Base engine remained the 250cu six-cylinder. In the Estate and the Gran Torino Sport was the 302-2V Small Block V8 standard. In addition, a 351 Cleveland Cleveland gasifier and 351 Cleveland twin carburetor, the Cleveland Cobra Jet 4-speed carburetor, a 400cu twin carburetor and the 429 carburetor carburetor were on the program. The 400-2V was new in the program and is of the “335er engine family” like the Cleveland. The Cobra Jet engine was no longer a high-performance engine as the days before, but designed more for torque. This was the result of stricter emissions and the requirement for lower fuel consumption.

With the 351 Cobra Jet engine the Torino could not take up the performance of the old 429 Cobra Jet Torino. However, it offered a number of innovations to increase performance that did not exist in the ’70s and ’71s. This was a special intake manifold, a modified camshaft, other valve springs, a 750 CFM Motorcraft carburetor and a 2.5 inch twin exhaust system. It was the only engine with twin exhaust and the only engine, whit an offered 4-speed manual transmission. The Ram Air was still in the program and was offered for the 351 Cobra Jet and the 429er. The 351 Cobra Jet was tested with a 3:50:1 ratio from 0 to 60 mph in 6.8 seconds.

The interior has been completely redesigned, including a significantly improved instrument panel. There was a lot of ABS plastic used. There are 5 equal sized instrument clusters installed. Speedometer, fuel gauge, temperature gauge along with various warning lights, a clock (optional) and a display for “DirectAire” ventilation. For the V8 models, the package “Instrumentation Group” was on offer. It also included an oil pressure gauge, an ammeter and the clock. The seats were also redesigned. The front seat has integrated headrests for the two outer seats. The back seat also offered head protection thanks to the high backrest. The “breathing” vinyl was still in the program.

The Gran Torino Sport was offered as a coupe and coupe with hatchback. All models had the “Hood Scoop” installed on the hood, which was very rarely equipped with the real function “Ram Air”. Two-colored exterior mirrors, sport-shaped door panels and the “laser stripe” on the side were also installed. This was available in 4 colors. New in the program was the so-called “Rally Equipment Group” package. It included the “Instrumentation Group”, harder and tighter suspension, G70-14 tires with white letters and a Hurst shifter for the 4-speed gearbox. The Rallye Equipment Group package was only available for 351 and 429 models. However, the suspension was still more comfortable than in the previous models with comparable suspension.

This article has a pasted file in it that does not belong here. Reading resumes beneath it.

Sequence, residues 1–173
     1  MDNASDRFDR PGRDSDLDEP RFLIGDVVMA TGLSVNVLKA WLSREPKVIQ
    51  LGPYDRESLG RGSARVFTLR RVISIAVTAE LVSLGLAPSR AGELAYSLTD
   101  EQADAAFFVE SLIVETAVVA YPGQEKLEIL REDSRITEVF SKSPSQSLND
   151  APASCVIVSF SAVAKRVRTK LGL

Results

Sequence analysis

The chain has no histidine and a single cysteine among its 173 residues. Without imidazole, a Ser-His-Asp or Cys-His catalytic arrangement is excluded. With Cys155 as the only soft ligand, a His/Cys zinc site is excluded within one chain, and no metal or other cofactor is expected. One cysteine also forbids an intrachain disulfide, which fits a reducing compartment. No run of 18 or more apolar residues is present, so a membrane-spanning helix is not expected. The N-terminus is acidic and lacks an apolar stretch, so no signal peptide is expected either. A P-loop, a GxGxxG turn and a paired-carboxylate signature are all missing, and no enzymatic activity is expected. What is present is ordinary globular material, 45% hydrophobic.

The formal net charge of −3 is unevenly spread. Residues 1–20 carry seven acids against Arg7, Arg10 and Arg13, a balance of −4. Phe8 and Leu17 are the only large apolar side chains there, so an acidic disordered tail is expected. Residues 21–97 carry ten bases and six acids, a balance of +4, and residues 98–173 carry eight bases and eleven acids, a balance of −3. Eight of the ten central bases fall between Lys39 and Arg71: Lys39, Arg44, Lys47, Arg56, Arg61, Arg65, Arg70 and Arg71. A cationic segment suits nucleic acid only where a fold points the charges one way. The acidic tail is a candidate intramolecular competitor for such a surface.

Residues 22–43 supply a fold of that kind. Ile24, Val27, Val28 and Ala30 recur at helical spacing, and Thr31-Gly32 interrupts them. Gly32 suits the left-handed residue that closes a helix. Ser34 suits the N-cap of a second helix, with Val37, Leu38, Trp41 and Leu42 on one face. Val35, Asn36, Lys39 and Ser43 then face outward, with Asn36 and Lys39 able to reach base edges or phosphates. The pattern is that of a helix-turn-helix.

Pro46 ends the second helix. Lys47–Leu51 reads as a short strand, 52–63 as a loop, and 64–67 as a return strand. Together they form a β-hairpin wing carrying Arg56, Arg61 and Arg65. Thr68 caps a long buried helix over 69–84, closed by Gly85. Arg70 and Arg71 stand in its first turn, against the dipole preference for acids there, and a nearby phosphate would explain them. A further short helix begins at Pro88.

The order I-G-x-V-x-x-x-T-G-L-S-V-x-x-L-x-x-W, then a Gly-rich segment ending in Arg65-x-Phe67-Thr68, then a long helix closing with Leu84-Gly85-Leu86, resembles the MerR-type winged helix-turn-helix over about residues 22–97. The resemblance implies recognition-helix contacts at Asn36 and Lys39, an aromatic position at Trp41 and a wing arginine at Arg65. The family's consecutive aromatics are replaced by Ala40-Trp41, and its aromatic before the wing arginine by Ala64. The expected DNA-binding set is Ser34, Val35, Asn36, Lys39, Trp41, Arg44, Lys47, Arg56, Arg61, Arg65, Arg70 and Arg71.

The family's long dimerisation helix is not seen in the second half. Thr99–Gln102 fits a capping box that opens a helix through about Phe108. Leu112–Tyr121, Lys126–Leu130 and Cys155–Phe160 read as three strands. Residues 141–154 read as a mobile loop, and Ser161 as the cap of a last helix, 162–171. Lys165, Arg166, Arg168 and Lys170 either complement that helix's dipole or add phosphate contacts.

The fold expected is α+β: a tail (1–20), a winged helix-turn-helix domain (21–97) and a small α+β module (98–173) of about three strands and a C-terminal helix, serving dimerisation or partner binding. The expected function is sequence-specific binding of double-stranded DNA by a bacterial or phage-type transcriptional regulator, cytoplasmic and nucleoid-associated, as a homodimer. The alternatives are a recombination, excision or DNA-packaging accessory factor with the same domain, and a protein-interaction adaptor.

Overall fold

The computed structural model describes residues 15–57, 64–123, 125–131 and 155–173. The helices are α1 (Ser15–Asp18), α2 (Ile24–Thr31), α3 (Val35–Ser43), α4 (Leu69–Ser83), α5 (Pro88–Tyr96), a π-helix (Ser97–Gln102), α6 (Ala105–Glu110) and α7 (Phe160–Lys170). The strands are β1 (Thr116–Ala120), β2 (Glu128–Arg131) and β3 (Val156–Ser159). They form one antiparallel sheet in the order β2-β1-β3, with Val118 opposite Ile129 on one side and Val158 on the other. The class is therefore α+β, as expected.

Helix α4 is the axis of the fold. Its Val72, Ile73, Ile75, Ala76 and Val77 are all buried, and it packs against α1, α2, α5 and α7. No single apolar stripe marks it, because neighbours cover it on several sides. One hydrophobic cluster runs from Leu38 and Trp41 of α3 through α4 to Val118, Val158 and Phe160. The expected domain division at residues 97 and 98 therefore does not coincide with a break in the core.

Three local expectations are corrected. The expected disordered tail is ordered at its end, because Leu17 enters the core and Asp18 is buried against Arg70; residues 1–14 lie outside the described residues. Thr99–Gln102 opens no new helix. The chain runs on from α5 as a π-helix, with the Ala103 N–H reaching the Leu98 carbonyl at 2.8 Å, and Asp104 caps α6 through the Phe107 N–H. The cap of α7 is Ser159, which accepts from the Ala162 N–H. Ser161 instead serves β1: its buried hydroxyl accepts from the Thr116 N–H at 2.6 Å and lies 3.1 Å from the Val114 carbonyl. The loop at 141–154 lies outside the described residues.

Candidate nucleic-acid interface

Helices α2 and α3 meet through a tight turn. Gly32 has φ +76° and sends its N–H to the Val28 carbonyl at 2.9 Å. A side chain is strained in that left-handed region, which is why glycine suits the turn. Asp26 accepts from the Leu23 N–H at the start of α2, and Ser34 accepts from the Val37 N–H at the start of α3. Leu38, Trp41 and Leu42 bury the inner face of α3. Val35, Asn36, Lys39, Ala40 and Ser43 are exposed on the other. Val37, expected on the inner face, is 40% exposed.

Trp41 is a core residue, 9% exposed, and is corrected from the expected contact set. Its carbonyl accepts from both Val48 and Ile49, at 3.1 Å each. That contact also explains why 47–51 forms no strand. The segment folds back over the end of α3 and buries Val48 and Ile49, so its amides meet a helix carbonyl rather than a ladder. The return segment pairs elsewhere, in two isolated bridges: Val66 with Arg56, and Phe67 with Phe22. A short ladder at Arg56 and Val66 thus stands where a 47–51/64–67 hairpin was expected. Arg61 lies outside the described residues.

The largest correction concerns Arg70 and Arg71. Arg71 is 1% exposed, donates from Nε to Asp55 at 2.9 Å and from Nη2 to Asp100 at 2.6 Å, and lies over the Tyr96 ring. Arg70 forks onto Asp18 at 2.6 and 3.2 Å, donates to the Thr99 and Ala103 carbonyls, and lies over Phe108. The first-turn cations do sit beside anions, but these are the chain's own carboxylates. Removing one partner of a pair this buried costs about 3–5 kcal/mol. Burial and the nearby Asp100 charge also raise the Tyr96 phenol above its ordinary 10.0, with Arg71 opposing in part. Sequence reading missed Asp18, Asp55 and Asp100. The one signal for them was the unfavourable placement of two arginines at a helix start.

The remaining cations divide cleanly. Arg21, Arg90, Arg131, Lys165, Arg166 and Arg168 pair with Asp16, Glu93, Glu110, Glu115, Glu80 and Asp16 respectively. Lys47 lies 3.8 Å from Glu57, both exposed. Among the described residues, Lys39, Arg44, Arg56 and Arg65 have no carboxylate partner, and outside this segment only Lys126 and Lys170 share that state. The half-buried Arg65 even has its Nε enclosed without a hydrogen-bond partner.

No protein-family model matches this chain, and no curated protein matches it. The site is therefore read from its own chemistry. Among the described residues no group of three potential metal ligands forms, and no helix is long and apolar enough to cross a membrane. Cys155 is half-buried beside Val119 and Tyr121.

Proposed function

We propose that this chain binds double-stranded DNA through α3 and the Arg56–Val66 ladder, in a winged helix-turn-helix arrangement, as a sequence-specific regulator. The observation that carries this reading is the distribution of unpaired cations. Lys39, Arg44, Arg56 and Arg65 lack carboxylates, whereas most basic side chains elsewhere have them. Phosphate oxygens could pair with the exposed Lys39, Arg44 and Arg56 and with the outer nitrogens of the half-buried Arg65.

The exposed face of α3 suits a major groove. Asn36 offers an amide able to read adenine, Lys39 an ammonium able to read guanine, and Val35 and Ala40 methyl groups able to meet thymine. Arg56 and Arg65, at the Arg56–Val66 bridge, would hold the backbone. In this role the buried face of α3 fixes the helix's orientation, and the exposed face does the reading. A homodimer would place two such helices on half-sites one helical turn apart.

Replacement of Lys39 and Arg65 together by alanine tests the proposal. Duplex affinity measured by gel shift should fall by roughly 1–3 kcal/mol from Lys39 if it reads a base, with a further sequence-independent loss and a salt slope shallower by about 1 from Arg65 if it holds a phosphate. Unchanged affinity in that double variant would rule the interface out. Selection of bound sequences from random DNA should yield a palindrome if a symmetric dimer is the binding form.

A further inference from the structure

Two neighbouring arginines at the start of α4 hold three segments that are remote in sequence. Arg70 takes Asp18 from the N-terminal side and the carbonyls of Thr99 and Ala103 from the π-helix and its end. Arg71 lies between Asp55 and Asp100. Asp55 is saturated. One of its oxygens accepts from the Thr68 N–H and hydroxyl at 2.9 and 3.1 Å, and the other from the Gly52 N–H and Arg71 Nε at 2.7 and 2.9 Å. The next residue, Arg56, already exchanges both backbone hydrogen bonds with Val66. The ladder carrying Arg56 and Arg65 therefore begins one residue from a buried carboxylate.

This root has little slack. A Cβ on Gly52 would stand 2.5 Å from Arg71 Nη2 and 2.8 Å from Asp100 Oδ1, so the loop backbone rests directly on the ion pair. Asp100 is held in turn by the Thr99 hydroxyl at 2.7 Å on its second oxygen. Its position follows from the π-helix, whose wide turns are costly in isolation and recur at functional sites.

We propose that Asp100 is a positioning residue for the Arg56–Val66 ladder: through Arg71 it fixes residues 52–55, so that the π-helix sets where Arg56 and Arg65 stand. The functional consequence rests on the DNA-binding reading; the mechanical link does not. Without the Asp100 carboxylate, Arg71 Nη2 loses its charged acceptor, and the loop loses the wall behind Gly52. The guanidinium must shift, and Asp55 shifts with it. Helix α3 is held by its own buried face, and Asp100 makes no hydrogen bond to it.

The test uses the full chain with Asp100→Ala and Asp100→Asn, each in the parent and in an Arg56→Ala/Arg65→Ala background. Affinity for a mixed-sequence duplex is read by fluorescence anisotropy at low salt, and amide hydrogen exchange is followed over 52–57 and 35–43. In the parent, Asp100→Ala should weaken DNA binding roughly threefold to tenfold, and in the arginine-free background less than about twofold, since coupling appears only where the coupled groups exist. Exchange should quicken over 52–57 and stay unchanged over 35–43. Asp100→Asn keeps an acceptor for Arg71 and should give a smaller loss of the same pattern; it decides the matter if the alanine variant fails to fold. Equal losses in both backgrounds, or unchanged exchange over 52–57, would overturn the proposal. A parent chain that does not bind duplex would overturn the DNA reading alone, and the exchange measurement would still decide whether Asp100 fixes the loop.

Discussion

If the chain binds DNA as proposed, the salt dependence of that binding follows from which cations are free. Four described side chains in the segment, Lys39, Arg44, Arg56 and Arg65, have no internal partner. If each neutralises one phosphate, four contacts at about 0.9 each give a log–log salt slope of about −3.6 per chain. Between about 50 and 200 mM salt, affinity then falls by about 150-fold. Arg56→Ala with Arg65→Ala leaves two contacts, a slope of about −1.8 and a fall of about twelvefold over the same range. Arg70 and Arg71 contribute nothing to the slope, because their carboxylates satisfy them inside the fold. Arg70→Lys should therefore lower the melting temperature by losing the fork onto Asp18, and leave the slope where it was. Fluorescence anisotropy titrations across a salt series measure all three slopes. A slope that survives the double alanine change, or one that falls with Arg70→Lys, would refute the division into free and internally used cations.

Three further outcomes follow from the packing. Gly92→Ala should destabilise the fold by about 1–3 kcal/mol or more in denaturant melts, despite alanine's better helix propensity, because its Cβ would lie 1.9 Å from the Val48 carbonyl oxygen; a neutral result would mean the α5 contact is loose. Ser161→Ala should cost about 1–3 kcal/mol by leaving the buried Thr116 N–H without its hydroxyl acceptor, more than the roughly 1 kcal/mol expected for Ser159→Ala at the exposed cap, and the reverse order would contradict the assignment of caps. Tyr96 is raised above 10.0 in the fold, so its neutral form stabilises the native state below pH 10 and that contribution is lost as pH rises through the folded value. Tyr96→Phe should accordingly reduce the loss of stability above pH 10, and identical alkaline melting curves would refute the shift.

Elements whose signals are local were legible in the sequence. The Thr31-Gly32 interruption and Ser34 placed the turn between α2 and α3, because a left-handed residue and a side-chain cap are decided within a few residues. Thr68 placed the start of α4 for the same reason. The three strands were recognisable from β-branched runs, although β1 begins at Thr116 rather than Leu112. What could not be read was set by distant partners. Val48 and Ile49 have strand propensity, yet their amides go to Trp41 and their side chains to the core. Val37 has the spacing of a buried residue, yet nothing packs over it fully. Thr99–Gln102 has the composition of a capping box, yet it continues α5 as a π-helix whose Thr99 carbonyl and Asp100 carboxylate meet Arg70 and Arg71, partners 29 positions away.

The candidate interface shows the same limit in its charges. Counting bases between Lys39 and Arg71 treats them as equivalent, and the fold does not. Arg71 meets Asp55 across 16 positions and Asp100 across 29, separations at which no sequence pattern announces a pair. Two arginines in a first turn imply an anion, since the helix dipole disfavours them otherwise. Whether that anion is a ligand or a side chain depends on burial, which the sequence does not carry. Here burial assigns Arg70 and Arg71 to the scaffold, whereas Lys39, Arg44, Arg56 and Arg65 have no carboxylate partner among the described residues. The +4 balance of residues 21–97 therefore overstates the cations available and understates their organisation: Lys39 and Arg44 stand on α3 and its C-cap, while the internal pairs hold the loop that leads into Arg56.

Torino station wagons were much larger than their predecessors. They were 2 inches longer at the Torino and 6 inches longer at the Gran Torino. The wheelbase was increased by 4 inches, the width by 3 inches. As a result, unfortunately, the weight has increased significantly. However, the load volume was a gigantic 2,364 liters. The still offered third rear seat made the car an 8-seater. The Squire models came as standard with a roof rack and the already known wood imitations on the sides. However, these were so thin that even the paint color came through something. The station wagons were very popular as tow vehicles for trailers. Like all Torino models you could equip the station wagon with a “Towing Package”. This package included a trailer hitch incl. wiring, harder suspension, a larger water cooler and a stronger battery. The axle ratio has been changed to 3.25:1. Equipped with this package, a Torino could pull up to 2,700 kg, assuming the 400 engine upwards. A smaller “Towing Package” allowed up to 1,600 kg. However, the axle ratio remained the same. This package required the 351er dual carburetor as a minimum.

The complete revision was worthwhile. The Torino was a great success and sold 496,645 times. This was the first time Ford had been able to beat the Chevrolet Chevelle since its introduction in 1964. The Torino was quieter and safer than ever before and was equipped with better handling and good brakes. The Torino awarded the “Best Buy 1972”. A ’72 Ford Gran Torino SportsRoof was also the star in the eponymous film with Clint Eastwood.